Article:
When the second round of gunfire happens, they’re more prepared for it this time. It’s night, and they are able to use it to their advantage—they extinguish their lights, and fire at silhouettes through the darkness. Marius threatens to light the barricade when he grabs a soldier’s torch and holds it just above a barrel of gunpowder, and the army falls back. A girl dies, a bullet hole in her chest. Rain begins to fall, and the ground is covered in moisture. The powder is wet, and useless.

Joly is about to sleep, curled up in a nook made from an old shipping crate and a splintered chair when he hears it: a muffled groan from just beyond the barricade. He doesn’t want to look, but his curiosity gets the better of him. He grips his rifle tightly and peeks his head over, only to see a man wearing red laying on the ground just near the concealed entrance of the barricade, clutching his stomach. 

Joly lifts his gun and aims it, ready to give the soldier the death that he deserves, when the man’s hat falls off. It’s Grantaire.

Barely able to muffle his surprised gasp, Joly scrambles down to the ground. “Bahorel, help me open this!” he hisses as he begins pulling at the furniture covering the entrance. 

“What in the hell are you doing?” Bahorel asks, frowning as he rubs at his eyes, but he stands and begins to help. 

“Grantaire’s on the other side, and he’s hurt,” Joly says, and Bahorel’s eyes widen for a fraction of a second before beginning to move furniture at twice the pace. By now, the racket of wood and metal being thrown aside wakes up half the barricade. Combeferre, Courfeyrac, and Enjolras are at the entrance within what feels like mere seconds. 

“And you’re doing what?” Enjolras asks, a frown in his voice.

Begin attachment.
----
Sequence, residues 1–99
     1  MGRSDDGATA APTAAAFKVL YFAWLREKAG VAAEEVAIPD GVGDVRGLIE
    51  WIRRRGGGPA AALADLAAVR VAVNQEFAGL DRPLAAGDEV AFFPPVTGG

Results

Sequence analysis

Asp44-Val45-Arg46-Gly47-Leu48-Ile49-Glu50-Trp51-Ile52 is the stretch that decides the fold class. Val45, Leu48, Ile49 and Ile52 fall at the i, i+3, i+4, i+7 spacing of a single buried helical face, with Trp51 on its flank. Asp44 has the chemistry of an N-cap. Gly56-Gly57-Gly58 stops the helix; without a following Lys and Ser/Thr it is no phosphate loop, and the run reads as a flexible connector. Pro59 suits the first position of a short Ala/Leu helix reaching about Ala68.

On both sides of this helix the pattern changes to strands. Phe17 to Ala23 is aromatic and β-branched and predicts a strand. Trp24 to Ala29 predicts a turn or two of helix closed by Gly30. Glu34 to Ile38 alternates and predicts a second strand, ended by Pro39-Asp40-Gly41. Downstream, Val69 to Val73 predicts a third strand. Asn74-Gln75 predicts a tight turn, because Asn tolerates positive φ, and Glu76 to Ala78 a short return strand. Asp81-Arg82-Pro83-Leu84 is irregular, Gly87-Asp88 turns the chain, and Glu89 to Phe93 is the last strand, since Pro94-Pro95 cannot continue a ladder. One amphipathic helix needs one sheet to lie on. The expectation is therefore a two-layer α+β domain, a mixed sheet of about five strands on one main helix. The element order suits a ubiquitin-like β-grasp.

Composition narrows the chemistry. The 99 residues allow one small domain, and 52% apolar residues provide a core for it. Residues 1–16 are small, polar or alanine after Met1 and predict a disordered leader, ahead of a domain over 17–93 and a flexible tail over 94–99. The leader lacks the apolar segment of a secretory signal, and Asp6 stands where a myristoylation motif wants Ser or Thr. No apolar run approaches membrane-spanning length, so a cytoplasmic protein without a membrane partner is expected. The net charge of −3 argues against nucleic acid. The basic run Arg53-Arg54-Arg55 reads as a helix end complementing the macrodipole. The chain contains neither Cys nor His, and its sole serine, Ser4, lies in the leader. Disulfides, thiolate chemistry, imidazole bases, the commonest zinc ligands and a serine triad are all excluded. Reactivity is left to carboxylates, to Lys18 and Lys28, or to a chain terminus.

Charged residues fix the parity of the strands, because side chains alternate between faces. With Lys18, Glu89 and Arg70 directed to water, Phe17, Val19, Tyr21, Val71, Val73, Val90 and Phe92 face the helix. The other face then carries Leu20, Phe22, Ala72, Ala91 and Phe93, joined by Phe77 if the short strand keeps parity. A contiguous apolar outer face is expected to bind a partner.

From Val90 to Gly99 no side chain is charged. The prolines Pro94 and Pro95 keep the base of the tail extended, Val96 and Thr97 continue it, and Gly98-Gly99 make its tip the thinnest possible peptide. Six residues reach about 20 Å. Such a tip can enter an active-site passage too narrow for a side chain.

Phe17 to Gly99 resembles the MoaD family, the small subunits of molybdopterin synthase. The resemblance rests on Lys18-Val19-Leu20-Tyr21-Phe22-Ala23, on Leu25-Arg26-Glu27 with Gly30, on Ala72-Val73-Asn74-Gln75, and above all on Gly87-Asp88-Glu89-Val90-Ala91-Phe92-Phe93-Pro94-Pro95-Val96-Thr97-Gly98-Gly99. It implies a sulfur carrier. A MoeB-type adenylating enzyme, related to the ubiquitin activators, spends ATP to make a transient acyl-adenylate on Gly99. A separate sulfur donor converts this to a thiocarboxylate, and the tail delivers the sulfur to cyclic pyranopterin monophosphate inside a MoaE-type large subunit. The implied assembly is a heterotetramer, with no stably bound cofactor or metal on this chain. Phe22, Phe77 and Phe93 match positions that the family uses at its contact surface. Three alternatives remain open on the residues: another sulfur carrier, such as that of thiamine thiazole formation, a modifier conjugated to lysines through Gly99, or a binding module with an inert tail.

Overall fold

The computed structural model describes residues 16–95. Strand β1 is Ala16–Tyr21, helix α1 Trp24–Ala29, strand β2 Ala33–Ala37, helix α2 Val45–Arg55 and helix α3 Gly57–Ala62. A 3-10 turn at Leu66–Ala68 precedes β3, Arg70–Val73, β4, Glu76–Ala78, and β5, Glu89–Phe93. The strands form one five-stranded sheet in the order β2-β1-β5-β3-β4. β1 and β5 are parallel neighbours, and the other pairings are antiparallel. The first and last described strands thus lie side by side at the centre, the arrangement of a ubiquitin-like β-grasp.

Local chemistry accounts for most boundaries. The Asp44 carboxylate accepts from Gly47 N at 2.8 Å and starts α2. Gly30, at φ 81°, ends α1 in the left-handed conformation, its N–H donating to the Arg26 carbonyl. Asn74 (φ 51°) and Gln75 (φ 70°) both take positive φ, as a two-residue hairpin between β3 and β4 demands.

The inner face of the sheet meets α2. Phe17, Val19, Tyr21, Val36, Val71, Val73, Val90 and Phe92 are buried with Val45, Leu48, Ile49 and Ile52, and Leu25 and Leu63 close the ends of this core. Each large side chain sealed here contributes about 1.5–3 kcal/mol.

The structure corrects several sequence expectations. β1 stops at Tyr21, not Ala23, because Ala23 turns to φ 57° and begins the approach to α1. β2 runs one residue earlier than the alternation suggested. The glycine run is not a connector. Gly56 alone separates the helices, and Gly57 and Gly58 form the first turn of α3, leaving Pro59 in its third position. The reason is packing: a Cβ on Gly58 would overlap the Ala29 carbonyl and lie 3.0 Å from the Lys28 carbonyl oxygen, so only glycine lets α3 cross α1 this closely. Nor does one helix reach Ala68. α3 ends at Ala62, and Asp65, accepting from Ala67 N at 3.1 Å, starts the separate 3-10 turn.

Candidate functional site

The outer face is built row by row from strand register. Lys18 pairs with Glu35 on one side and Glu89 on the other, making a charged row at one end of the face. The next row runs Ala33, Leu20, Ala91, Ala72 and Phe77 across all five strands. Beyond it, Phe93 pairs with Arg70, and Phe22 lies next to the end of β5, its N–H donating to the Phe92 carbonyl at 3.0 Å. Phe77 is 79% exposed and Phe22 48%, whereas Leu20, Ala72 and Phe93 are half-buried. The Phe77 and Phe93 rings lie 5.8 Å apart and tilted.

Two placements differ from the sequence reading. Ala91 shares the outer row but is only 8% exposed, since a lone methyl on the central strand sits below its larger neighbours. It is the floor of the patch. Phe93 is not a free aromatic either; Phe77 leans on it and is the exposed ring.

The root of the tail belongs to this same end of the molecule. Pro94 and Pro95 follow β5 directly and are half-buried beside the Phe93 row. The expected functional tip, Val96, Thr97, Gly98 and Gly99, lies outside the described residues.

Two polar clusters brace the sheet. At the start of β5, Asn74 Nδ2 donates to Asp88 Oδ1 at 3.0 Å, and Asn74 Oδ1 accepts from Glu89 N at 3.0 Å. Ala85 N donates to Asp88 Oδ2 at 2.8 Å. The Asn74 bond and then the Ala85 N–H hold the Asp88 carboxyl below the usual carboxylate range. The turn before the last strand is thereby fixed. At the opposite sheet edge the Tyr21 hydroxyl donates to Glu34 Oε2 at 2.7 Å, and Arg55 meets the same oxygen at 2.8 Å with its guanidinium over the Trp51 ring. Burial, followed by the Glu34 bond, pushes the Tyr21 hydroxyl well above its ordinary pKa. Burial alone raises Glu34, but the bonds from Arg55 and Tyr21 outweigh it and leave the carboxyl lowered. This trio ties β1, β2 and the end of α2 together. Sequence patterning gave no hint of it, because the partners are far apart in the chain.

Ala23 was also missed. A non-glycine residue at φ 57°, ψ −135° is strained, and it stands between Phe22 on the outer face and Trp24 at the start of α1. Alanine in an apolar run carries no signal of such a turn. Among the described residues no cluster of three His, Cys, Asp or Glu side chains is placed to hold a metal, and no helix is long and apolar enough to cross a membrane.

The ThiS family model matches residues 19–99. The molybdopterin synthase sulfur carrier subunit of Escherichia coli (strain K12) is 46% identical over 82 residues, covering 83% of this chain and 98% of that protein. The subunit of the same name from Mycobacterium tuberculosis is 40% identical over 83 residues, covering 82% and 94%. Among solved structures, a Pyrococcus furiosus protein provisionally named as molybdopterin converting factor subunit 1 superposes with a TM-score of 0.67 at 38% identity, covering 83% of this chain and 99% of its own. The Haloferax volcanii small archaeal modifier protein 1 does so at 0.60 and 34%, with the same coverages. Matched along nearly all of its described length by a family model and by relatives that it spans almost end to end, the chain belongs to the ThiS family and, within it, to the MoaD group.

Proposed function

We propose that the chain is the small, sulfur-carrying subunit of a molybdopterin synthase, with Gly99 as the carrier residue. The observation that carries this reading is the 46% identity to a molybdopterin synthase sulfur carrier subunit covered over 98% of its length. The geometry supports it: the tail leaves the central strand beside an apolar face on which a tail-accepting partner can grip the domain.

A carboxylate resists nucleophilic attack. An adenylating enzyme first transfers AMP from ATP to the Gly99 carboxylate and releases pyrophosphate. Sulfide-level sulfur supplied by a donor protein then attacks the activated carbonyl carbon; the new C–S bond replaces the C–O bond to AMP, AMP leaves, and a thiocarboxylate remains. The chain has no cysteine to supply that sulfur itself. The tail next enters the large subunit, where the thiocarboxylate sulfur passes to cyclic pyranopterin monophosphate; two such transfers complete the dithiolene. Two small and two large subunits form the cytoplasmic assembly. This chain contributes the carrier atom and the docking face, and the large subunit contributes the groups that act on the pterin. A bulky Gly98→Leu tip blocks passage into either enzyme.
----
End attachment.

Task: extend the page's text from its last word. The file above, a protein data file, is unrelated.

“Grantaire,” Joly says, gasping as he heaves an old couch off to one side. Before he is able to process anything, Enjolras is right there with him, helping him pull a wooden wagon away. 

And there he is. Grantaire, wearing the outfit of the enemy, laying on the ground with his hands pressed tightly to his stomach. He groans quietly, his lips and eyes squeezed shut tight. Enjolras bolts through and hooks his arms underneath Grantaire’s armpits, dragging the man back onto their side of the barricade. As Bahorel and Joly begin to cover the entrance once again, Enjolras squats on the ground next to Grantaire.

“Are you alright?” Enjolras asks, but receives no verbal reply—only pained moans. “Grantaire? What is it—oh, oh god—“

Grantaire has moved his hands, just enough for Enjolras to see the blood staining the jacket. The contrast of wetness on the bright red fabric is stunning, and Enjolras’ breath catches in his throat. “Joly, I need you here right now.” His voice is commanding, authoritative, and Joly rushes over only to stop short.

“Oh, god, Grantaire—“ Joly says, dropping down to his knees next to the two of them. “Let me see, let me—“ He moves Grantaire’s hands off to one side. “I need you to talk to me, tell me what happened,” he orders, his hands already digging into his medical bag.